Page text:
Evidence respecting a planked crossing extending from a dead end of a street at a railroad location across double tracks to a station platform at the other side of the location, and of use of the crossing by residents in the vicinity for many years, showed at most that the railroad passively acquiesced in such use and that one struck by a train while using the crossing as a short cut on his way home was only a licensee. [39-40]
A finding of wanton or reckless conduct on the part of a railroad was not warranted by evidence of the circumstances in which a rapidly moving train not scheduled to stop at a certain station struck a person walking across the tracks near the station on a planked crossing whence he had a view of the tracks for several hundred feet in either direction. 
TORT. Writ in the Superior Court dated March 4, 1954.
The action was tried before Cahill, J.
Henry Lawlor, for the plaintiff.
Noel W. Deering, for the defendant.
RONAN, J. This is the plaintiff's exception taken to the direction of a verdict for the defendant on the plaintiff's opening in an action of tort to recover damages for the conscious suffering and death of the plaintiff's intestate who was struck by a train shortly before five o'clock on an afternoon in January, 1954, as he was crossing the tracks in front of the Norfolk Down station in the city of Quincy. The opening by permission of the court included certain photographs and plans.
Billings Road is a public way running westerly from Hancock Street to the easterly side of the location of the railroad
where it becomes a dead end street separated from the location by a series of concrete posts which are not connected with each other by a railing or cable. A double set of tracks runs through the middle of the location flanked on each side by a platform or sidewalk. A planked crossing extends over both tracks between the platform near the dead end of Billings Road to the opposite platform nearly in front of the station. A person on the planked crossing has a view of a train approaching from the north or south for several hundred feet.
The intestate was on the planked crossing on the way to his home, which was in the neighborhood in the rear of the station, when he was struck by the train. The intestate was familiar with this short cut to his home. He and other people who reside in the vicinity had used it for many years. There was no sign restricting their use or forbidding them to cross the tracks. The train was travelling fifty or sixty miles an hour and was not scheduled to stop at Norfolk Downs.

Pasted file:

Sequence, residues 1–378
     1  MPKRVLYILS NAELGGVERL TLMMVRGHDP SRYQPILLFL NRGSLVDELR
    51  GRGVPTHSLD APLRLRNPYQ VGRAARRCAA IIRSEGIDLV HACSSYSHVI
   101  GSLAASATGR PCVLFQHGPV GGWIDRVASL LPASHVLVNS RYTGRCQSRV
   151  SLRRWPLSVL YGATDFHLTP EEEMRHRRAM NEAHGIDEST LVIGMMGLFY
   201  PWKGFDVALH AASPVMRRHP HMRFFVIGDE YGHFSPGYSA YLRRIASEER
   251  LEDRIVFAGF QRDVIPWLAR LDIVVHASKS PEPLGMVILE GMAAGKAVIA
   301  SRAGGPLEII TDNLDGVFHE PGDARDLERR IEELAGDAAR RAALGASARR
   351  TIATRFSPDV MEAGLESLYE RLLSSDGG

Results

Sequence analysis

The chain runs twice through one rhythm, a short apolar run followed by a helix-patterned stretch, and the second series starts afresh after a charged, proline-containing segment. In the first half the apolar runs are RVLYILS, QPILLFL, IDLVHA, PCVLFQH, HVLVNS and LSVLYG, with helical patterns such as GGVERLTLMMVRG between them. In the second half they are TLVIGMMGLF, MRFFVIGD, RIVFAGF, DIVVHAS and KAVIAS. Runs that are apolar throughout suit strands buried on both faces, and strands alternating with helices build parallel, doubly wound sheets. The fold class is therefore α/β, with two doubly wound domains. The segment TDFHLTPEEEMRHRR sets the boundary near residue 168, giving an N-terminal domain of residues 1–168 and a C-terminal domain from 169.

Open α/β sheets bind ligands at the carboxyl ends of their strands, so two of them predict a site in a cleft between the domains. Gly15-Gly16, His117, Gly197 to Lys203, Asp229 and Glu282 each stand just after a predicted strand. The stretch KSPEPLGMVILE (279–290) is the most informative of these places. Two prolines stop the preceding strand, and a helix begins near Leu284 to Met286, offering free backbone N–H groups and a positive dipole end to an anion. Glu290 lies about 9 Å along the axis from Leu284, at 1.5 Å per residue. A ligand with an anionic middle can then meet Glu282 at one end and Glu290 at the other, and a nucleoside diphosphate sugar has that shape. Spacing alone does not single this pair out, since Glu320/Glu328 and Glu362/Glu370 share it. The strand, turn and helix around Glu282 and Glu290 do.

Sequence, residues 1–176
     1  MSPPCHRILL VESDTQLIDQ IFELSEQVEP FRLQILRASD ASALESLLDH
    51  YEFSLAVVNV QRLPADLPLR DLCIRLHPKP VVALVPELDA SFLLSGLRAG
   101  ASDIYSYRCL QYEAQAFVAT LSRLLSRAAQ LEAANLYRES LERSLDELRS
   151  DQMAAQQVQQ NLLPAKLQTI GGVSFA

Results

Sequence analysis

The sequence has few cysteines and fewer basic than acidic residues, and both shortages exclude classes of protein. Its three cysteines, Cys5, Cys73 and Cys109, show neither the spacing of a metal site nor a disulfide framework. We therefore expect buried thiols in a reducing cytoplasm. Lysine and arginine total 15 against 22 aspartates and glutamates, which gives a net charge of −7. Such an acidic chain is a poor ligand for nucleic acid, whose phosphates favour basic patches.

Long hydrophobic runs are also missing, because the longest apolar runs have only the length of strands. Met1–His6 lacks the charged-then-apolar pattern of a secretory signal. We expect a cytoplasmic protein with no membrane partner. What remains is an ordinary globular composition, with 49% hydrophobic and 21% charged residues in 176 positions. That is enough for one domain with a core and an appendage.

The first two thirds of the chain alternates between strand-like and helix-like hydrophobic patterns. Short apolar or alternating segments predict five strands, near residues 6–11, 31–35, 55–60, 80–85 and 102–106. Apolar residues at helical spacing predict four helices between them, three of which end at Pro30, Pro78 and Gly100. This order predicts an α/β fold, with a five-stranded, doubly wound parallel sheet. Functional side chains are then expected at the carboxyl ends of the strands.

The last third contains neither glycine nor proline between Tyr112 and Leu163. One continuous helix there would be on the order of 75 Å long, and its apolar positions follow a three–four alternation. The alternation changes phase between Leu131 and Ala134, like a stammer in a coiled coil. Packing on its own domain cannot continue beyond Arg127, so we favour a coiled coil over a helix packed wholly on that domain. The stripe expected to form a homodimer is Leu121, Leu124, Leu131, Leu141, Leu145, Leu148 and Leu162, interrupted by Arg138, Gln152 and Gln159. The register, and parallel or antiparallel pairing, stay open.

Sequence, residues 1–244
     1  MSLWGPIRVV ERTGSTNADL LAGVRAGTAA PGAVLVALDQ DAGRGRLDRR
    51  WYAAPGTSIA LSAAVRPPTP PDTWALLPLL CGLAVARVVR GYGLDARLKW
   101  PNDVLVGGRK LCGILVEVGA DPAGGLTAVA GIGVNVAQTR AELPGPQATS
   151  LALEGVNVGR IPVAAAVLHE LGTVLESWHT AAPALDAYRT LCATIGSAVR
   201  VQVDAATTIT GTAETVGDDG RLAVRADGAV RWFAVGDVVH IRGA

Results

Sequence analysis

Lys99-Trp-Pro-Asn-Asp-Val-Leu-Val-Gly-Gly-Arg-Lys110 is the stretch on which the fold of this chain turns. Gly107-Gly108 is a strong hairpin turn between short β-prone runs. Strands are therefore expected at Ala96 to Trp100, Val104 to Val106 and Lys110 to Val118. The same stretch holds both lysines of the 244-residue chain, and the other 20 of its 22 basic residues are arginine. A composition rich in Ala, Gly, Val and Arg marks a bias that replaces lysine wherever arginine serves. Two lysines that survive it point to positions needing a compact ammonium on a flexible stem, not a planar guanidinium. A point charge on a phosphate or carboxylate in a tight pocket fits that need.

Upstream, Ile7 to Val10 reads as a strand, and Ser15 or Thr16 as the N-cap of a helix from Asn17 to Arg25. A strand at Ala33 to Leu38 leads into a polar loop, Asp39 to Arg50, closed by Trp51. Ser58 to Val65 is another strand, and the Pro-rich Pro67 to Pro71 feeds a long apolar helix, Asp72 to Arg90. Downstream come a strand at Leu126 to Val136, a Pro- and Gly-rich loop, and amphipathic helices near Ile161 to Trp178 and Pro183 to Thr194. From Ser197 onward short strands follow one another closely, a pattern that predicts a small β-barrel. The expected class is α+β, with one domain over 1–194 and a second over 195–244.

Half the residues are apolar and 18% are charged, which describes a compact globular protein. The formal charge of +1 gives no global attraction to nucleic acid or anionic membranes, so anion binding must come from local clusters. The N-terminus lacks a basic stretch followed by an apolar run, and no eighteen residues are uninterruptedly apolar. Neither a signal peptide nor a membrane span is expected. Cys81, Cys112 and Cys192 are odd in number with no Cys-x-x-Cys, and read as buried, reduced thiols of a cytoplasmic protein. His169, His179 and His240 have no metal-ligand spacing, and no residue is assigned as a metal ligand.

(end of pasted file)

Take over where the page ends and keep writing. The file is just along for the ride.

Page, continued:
The facts which the plaintiff proposed to show as to the use of the location by persons as a convenient means of access to their homes and other parts of the city were not sufficient to show that the defendant was bound to provide a safe crossing for them in travelling over the tracks. Compare Sweeny v. Old Colony & Newport Railroad, 10 Allen 368 ; Hanks v. Boston & Albany Railroad, 147 Mass. 495 . The intestate was not a business invitee of the defendant. Its premises were not set up to induce anyone other than those having business relations with it to use its premises. Durbin v. New York, New Haven & Hartford Railroad, 194 Mass. 181 . Broughton v. Boston & Maine Railroad, 290 Mass. 80 . Corrado v. New York, New Haven & Hartford Railroad, 333 Mass. 417 .
The proposed evidence would go no farther than to show passive acquiescence by the defendant in the use of the crossing by those who lived in the neighborhood of the rear of the station. Couto v. Trustees of New York, New Haven & Hartford Railroad, 312 Mass. 23 . McCarthy v. Boston & Maine Railroad, 319 Mass. 470 . Guertin v. Trustees of New
York, New Haven & Hartford Railroad, 322 Mass. 91 . Neofotistos v. Trustees of New York, New Haven & Hartford Railroad, 326 Mass. 647 . O'Brien v. Boston & Maine Railroad, 325 Mass. 451 , 455-456. The rights of the intestate rose no higher than those of a licensee and the plaintiff could not recover without proof of wilful, wanton, or reckless conduct upon the part of the defendant. "An engineer may properly assume that a traveller will not attempt to pass in front of a rapidly approaching train in the absence of any indications to the contrary." Pooles v. Boston & Maine Railroad, 328 Mass. 165 , 167. Gannett v. Boston & Maine Railroad, 238 Mass. 125 , 131. Tamkun v. Boston & Maine Railroad, 302 Mass. 59 , 62. Barakat v. Trustees of New York, New Haven & Hartford Railroad, 311 Mass. 496 , 499. McNally v. Trustees of New York, New Haven & Hartford Railroad, 325 Mass. 367 .